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Colleges Capturing More Post-graduation Castoffs, Repatriating Them To The Underserved

As college students leave their dorm rooms for the summer, they have to make a decision: take their things home or get rid of them? What’s left behind used to be pitched in a dumpster, but more campuses are taking steps to repurpose as much as possible. Officials at Depauw University in Greencastle estimate they may be saving as much as two-thirds of what used to be thrown away and getting it into the hands of needy families.

Inside the goat barn at the Putnam County fairgrounds, several dozen families scan folding tables lined with clothes, books and housewares – including an anatomically-correct, hand-thrown coffee mug of, shall we say, Jayne Mansfield proportions. Some people waited in line for more than an hour to get first dibs on large items like furniture and appliances. Connie Ardito was first in line and, even though no one else was in the room yet, she ran to the back to claim a clothes dryer as her own.

“Yeah, I wasn’t expecting one, but I saw it and I was like ‘Awesome!’,” Ardito says.

Most of these items have been left behind by students at DePauw University, about a mile up the road from the fairgrounds. For the last six years, the school of about 22-hundred has refined its donation program, encouraging students this year to donate and to encourage others to do so by tweeting the hashtag #THRIFTIT.

“It’s not even necessarily that students are wasteful, it’s just this transition time,” says DePauw Sustainability Director Anthony Barrata, who oversees the operation.

“And so, you have a student who’s in this transitory time, isn’t going to take the futon on the plane, but then this actually makes a difference for whether someone is sleeping on a bed or a futon or the floor,” Baratta says.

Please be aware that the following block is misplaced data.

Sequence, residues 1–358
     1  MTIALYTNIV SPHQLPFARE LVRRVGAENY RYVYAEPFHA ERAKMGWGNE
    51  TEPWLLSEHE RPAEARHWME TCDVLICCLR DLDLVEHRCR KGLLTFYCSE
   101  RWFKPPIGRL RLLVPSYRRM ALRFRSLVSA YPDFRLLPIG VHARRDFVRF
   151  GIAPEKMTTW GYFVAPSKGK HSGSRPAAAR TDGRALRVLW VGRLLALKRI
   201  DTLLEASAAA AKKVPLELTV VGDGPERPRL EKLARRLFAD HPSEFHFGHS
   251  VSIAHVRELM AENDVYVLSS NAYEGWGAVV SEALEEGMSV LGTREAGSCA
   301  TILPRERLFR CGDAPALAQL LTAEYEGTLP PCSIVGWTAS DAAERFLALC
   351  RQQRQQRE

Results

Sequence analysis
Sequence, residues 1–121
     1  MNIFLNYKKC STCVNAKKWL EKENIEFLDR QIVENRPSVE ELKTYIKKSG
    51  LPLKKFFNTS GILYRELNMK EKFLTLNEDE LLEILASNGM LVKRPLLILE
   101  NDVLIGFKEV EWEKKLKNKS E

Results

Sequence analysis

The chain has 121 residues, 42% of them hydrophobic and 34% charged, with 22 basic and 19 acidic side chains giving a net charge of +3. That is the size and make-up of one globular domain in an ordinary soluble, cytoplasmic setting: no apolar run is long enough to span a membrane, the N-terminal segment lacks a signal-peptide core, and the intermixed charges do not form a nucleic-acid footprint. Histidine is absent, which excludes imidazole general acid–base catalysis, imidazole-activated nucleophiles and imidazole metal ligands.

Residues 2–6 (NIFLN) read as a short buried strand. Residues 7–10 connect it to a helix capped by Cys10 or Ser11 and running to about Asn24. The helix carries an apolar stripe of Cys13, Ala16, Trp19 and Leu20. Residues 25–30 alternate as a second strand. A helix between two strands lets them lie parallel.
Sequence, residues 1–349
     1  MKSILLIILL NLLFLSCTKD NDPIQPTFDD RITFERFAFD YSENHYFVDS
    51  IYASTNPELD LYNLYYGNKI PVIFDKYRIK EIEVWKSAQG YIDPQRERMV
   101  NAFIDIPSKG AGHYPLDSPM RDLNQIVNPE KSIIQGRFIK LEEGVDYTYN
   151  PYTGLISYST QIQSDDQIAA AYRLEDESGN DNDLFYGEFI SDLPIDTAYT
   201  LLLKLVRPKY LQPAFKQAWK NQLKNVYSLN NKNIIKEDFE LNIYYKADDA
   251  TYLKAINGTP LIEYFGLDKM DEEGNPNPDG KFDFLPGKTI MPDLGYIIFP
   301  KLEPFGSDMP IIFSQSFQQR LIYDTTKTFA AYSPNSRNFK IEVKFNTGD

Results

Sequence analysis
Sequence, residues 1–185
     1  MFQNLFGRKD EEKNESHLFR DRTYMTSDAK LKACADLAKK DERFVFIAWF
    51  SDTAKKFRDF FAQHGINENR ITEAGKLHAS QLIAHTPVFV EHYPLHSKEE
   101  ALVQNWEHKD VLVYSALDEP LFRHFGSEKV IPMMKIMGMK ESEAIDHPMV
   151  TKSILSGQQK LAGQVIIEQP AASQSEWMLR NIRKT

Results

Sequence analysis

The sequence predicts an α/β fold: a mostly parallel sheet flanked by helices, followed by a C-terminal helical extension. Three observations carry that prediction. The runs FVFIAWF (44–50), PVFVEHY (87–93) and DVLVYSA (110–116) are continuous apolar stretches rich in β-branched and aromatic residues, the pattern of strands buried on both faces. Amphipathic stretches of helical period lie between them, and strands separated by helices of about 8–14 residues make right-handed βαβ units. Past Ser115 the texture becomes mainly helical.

Case in point: Ed Sparks, who is helping his wife treasure-hunt.

The little one is their daughter, Madlynn, who ambles up, smiling and sporting a massive, yellow foam hand from some past DePauw sporting event.

"It means a lot," Sparks says. "That way she has something a little bit better than what she's got right now."

Connie Clark, a mother and grandmother with bright pink, shoulder-length highlights in her blond hair, has come for a specific item, too -- a TV.

Clark, carrying her grandson in a carseat, makes her way back to the few televisions that were left behind – all of them older models with cathode ray tubes. Still, she’s grateful.

“They know that if [DePauw students] were like this, they would want someone to do it for them," she says. "And I think it’s just they have a big heart and they’re doing what they can help and I’m thankful for them.”

What Clark is getting at is that many DePauw students come from families with above-average financial means. School admissions officials say the median income for a student’s family is nearly $100,000. That’s well above the City of Greencastle’s $41,000 median household salary.

A week before the goat barn giveaway, while students were still packing and saying their goodbyes, some tossed unwanted items into recycling boxes that the school had left in the dorm hallways.

Allen Denhart, who was moving his daughter Emily out after her first year, said he'd moved his kids out of dorm rooms before but was doing it differently this year because of the constant reminders to donate.

"Yeah, normally I would have just taken it to the dumpster if I didn't know," he says. "Like that big piece of carpet there will probably save somebody $50 or $100 if they need a piece of carpet for next year."

Back at the goat barn, Carrie Ardito certainly saved some money finding that clothes dryer.

"I'm grateful for it, because it's stuff I can't afford on my own," Ardito says. "And then if I can't use it, I donate it to somebody else. I'm excited."

When this program started six years ago, only about a dozen families benefited. This year, it's more than 100.